N2 - Background: As mortality rates decline, life expectancy increases, and populations age, non-fatal outcomes of diseases and injuries are becoming a larger component of the global burden of disease. The Global Burden of Diseases, Injuries, and Risk Factors Study 2016 (GBD 2016) provides a comprehensive assessment of prevalence, incidence, and years lived with disability (YLDs) for 328 causes in 195 countries and territories from 1990 to 2016. Methods: We estimated prevalence and incidence for 328 diseases and injuries and 2982 sequelae, their non-fatal consequences. We used DisMod-MR 2.1, a Bayesian meta-regression tool, as the main method of estimation, ensuring consistency between incidence, prevalence, remission, and cause of death rates for each condition. For some causes, we used alternative modelling strategies if incidence or prevalence needed to be derived from other data. YLDs were estimated as the product of prevalence and a disability weight for all mutually exclusive sequelae, corrected for comorbidity and aggregated to cause level. We updated the Socio-demographic Index (SDI), a summary indicator of income per capita, years of schooling, and total fertility rate. GBD 2016 complies with the Guidelines for Accurate and Transparent Health Estimates Reporting (GATHER). Findings: Globally, low back pain, migraine, age-related and other hearing loss, iron-deficiency anaemia, and major depressive disorder were the five leading causes of YLDs in 2016, contributing 57·6 million (95% uncertainty interval [UI] 40·8–75·9 million [7·2%, 6·0–8·3]), 45·1 million (29·0–62·8 million [5·6%, 4·0–7·2]), 36·3 million (25·3–50·9 million [4·5%, 3·8–5·3]), 34·7 million (23·0–49·6 million [4·3%, 3·5–5·2]), and 34·1 million (23·5–46·0 million [4·2%, 3·2–5·3]) of total YLDs, respectively. Age-standardised rates of YLDs for all causes combined decreased between 1990 and 2016 by 2·7% (95% UI 2·3–3·1). Despite mostly stagnant age-standardised rates, the absolute number of YLDs from non-communicable diseases has been growing rapidly across all SDI quintiles, partly because of population growth, but also the ageing of populations. The largest absolute increases in total numbers of YLDs globally were between the ages of 40 and 69 years. Age-standardised YLD rates for all conditions combined were 10·4% (95% UI 9·0–11·8) higher in women than in men. Iron-deficiency anaemia, migraine, Alzheimer's disease and other dementias, major depressive disorder, anxiety, and all musculoskeletal disorders apart from gout were the main conditions contributing to higher YLD rates in women. Men had higher age-standardised rates of substance use disorders, diabetes, cardiovascular diseases, cancers, and all injuries apart from sexual violence. Globally, we noted much less geographical variation in disability than has been documented for premature mortality. In 2016, there was a less than two times difference in age-standardised YLD rates for all causes between the location with the lowest rate (China, 9201 YLDs per 100 000, 95% UI 6862–11943) and highest rate (Yemen, 14 774 YLDs per 100 000, 11 018–19 228). Interpretation: The decrease in death rates since 1990 for most causes has not been matched by a similar decline in age-standardised YLD rates. For many large causes, YLD rates have either been stagnant or have increased for some causes, such as diabetes. As populations are ageing, and the prevalence of disabling disease generally increases steeply with age, health systems will face increasing demand for services that are generally costlier than the interventions that have led to declines in mortality in childhood or for the major causes of mortality in adults. Up-to-date information about the trends of disease and how this varies between countries is essential to plan for an adequate health-system response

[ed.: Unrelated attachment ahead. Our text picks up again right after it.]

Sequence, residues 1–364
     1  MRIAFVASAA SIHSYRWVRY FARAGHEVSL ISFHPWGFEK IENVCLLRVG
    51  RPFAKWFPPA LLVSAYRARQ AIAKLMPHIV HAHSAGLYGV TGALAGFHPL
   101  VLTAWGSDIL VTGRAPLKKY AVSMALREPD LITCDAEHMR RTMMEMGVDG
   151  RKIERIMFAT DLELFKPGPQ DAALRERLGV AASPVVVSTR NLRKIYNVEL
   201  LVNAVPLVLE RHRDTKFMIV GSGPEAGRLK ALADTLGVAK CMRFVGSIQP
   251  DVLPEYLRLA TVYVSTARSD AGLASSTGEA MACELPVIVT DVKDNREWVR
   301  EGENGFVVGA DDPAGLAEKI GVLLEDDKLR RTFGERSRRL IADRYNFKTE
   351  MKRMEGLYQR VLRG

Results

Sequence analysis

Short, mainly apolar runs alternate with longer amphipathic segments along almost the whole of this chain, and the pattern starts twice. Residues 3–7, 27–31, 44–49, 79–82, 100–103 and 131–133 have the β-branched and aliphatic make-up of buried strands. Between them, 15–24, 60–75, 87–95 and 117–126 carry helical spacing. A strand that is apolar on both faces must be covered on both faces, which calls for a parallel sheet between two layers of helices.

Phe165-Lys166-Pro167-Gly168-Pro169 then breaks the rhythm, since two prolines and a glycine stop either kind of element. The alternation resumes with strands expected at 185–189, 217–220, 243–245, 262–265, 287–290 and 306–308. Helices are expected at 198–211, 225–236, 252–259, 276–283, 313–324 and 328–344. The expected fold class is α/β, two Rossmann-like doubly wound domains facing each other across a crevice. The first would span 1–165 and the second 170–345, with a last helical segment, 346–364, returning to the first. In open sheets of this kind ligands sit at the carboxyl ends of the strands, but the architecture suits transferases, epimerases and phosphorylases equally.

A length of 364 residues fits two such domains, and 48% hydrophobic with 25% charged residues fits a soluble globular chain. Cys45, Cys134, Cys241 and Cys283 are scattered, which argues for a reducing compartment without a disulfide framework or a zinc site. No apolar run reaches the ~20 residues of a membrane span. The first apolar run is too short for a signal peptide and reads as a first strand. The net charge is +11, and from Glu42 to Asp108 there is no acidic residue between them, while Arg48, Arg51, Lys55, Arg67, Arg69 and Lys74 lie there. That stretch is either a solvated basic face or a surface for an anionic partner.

AB - Background: As mortality rates decline, life expectancy increases, and populations age, non-fatal outcomes of diseases and injuries are becoming a larger component of the global burden of disease. The Global Burden of Diseases, Injuries, and Risk Factors Study 2016 (GBD 2016) provides a comprehensive assessment of prevalence, incidence, and years lived with disability (YLDs) for 328 causes in 195 countries and territories from 1990 to 2016. Methods: We estimated prevalence and incidence for 328 diseases and injuries and 2982 sequelae, their non-fatal consequences. We used DisMod-MR 2.1, a Bayesian meta-regression tool, as the main method of estimation, ensuring consistency between incidence, prevalence, remission, and cause of death rates for each condition. For some causes, we used alternative modelling strategies if incidence or prevalence needed to be derived from other data. YLDs were estimated as the product of prevalence and a disability weight for all mutually exclusive sequelae, corrected for comorbidity and aggregated to cause level. We updated the Socio-demographic Index (SDI), a summary indicator of income per capita, years of schooling, and total fertility rate. GBD 2016 complies with the Guidelines for Accurate and Transparent Health Estimates Reporting (GATHER). Findings: Globally, low back pain, migraine, age-related and other hearing loss, iron-deficiency anaemia, and major depressive disorder were the five leading causes of YLDs in 2016, contributing 57·6 million (95% uncertainty interval [UI] 40·8–75·9 million [7·2%, 6·0–8·3]), 45·1 million (29·0–62·8 million [5·6%, 4·0–7·2]), 36·3 million (25·3–50·9 million [4·5%, 3·8–5·3]), 34·7 million (23·0–49·6 million [4·3%, 3·5–5·2]), and 34·1 million (23·5–46·0 million [4·2%, 3·2–5·3]) of total YLDs, respectively. Age-standardised rates of YLDs for all causes combined decreased between 1990 and 2016 by 2·7% (95% UI 2·3–3·1). Despite mostly stagnant age-standardised rates, the absolute number of YLDs from non-communicable diseases has been growing rapidly across all SDI quintiles, partly because of population growth, but also the ageing of populations. The largest absolute increases in total numbers of YLDs globally were between the ages of 40 and 69 years. Age-standardised YLD rates for all conditions combined were 10·4% (95% UI 9·0–11·8) higher in women than in men. Iron-deficiency anaemia, migraine, Alzheimer's disease and other dementias, major depressive disorder, anxiety, and all musculoskeletal disorders apart from gout were the main conditions contributing to higher YLD rates in women. Men had higher age-standardised rates of substance use disorders, diabetes, cardiovascular diseases, cancers, and all injuries apart from sexual violence. Globally, we noted much less geographical variation in disability than has been documented for premature mortality. In 2016, there was a less than two times difference in age-standardised YLD rates for all causes between the location with the lowest rate (China, 9201 YLDs per 100 000, 95% UI 6862–11943) and highest rate (Yemen, 14 774 YLDs per 100 000, 11 018–19 228). Interpretation: The decrease in death rates since 1990 for most causes has not been matched by a similar decline in age-standardised YLD rates. For many large causes, YLD rates have either been stagnant or have increased for some causes, such as diabetes. As populations are ageing, and the prevalence of disabling disease generally increases steeply with age, health systems will face increasing demand for services that are generally costlier than the interventions that have led to declines in mortality in childhood or for the major causes of mortality in adults. Up-to-date information about the trends of disease and how this varies between countries is essential to plan for an adequate health-system response

    U2 - 10.1016/S0140-6736(17)32154-2

    DO - 10.1016/S0140-6736(17)32154-2

    M3 - Article

    VL - 390

    SP - 1211

    EP - 1259

    JO - Lancet

    JF - Lancet

    SN - 0140-6736

    IS - 10100

    ER -